A guide for GPs - maternity and other types of parental leave

During pregnancy

Location: England
Audience: GPs
Updated: Wednesday 28 October 2020
Topics: Maternity, paternity and adoption

You are entitled to paid time off for antenatal appointments.

Read about partners’ and fathers’ rights to attend appointments.

Pregnancy sickness and early birth rules:

  • If you are sick with an illness that is not pregnancy-related, the normal sickness provisions will apply until either the week before the baby is due or the date chosen as the start of your maternity leave.
  • If you are sick with an illness that is pregnancy-related, the normal sickness provisions will apply prior to the beginning of the fourth week before the expected week of childbirth.
  • If you are sick with an illness that is pregnancy-related after the beginning of the fourth week before the expected week of childbirth, or you give birth early, your maternity leave will automatically begin the day after your first day of absence within this period.

Employers have a duty to ensure your health and safety at work during pregnancy, and you can read about the relevant regulations on the Health and Safety Executive website. It is advisable to have your employer carry out two risk assessments; early in your pregnancy and then again in the later stages. It is important to consider;

  • Will your current working space be suitable for you in later pregnancy?
  • How will risk of infection from COVID-19 affect your work during pregnancy? The Royal College of Obstetricians and Gynaecologists has highlighted the importance of women stringently adhering to social distancing from 28 weeks of pregnancy. Read more about COVID-19 risk assessments.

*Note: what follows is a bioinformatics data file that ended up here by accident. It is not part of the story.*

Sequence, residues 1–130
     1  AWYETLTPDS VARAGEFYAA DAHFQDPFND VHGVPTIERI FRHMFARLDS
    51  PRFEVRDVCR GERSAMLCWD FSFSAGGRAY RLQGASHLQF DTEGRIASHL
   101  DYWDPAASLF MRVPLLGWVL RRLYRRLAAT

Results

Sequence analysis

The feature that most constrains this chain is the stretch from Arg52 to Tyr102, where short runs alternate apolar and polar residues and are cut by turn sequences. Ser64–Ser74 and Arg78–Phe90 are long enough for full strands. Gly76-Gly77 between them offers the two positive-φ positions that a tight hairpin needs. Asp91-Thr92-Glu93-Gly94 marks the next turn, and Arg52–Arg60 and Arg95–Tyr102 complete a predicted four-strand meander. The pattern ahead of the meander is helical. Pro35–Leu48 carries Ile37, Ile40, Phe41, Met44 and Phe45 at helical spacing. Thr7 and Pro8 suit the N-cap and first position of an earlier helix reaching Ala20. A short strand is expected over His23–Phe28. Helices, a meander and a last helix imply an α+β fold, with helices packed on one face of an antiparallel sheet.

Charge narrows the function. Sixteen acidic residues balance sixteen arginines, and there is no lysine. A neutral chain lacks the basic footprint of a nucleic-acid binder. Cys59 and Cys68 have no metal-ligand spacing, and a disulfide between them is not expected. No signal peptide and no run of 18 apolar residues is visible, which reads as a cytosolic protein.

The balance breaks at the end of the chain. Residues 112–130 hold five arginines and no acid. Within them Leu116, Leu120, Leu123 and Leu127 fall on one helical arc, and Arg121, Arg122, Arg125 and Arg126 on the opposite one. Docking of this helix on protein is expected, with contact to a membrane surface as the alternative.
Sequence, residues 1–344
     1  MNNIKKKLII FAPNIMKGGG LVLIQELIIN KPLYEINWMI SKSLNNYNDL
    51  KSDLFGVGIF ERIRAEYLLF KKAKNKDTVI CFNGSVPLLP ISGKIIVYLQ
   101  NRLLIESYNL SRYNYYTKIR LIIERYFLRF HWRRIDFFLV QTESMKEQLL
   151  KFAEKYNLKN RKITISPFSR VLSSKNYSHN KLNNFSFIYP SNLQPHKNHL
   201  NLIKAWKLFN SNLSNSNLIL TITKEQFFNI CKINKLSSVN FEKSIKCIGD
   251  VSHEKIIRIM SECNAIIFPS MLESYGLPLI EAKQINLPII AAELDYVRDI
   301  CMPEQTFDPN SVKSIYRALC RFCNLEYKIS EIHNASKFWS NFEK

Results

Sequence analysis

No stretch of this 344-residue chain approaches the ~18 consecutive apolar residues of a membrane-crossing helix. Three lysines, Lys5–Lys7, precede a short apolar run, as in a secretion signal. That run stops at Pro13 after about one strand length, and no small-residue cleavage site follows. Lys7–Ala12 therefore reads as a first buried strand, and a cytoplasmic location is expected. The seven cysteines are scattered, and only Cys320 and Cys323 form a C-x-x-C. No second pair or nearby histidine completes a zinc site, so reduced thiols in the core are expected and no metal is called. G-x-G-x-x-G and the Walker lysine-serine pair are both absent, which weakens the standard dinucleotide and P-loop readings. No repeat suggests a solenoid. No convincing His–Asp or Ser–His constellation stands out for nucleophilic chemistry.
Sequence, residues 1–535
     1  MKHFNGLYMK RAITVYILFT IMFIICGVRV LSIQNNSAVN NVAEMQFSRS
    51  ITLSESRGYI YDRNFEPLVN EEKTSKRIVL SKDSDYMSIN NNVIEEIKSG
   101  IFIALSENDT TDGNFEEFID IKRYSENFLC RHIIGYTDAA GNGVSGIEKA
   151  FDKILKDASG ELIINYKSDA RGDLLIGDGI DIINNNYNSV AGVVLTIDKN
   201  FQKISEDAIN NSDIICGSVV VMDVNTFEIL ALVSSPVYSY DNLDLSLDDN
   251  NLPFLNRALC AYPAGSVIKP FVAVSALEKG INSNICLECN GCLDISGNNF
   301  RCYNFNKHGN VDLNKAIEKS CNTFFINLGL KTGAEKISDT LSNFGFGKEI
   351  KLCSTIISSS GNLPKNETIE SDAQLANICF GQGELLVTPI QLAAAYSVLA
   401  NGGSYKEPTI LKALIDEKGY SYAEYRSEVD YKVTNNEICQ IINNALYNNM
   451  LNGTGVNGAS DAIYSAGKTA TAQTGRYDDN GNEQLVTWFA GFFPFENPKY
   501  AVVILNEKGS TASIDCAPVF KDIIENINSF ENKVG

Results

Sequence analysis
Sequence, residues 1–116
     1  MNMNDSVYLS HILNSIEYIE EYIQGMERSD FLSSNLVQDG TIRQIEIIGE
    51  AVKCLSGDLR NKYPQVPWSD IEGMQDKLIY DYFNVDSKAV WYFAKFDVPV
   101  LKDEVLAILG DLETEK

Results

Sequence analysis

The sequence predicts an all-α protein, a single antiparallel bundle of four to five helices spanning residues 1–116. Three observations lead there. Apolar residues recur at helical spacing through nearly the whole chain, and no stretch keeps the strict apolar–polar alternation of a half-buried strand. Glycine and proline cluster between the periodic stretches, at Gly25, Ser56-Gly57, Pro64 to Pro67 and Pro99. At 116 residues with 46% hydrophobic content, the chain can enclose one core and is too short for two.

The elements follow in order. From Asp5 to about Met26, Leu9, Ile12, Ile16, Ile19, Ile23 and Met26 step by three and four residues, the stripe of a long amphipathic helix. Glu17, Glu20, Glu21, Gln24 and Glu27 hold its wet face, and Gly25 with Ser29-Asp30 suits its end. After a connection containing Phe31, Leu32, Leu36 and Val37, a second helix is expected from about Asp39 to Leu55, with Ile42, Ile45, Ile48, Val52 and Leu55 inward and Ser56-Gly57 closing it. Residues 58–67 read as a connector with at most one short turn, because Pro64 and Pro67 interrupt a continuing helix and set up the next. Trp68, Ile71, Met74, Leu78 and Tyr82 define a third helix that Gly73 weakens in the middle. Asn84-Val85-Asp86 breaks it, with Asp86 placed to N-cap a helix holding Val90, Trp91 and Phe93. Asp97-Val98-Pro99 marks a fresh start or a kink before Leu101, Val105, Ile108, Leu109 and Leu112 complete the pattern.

• Will you require additional space to carry out certain procedures (e.g. coil fitting)?
  • Are you at risk from chemicals that could be harmful during pregnancy?
  • You may need to avoid patients with certain illnesses that could be harmful during pregnancy (e.g. a home visit to a child with an undetermined illness and rash.)

If your baby is born prematurely, you are entitled to the same amount of maternity leave and pay as if your baby was born at full term. Read more about this and what happens in cases of miscarriage and still births.

You may be able to access local GP maternity workshops which can help you to make plans. Contact your local medical committee to find out about any workshops that run in your area.

The BMA’s maternity leave checklist can help you to prepare for your period of leave.

 

Case 3 - Your right to attend appointments

Question

Dr S is a salaried GP who works 4 sessions per week. She is pregnant with twins which means she needs to attend frequent antenatal appointments and scans. She notifies her employers of the appointment dates which fall on her working days and they ask her to make up the time on her non-working days. Should Dr S agree to this?

Answer

No. Dr S has exactly the same rights to attend antenatal classes as a full-time worker. Neither full-time, nor less-than-full-time employees are required to make up time for attending antenatal classes or scans.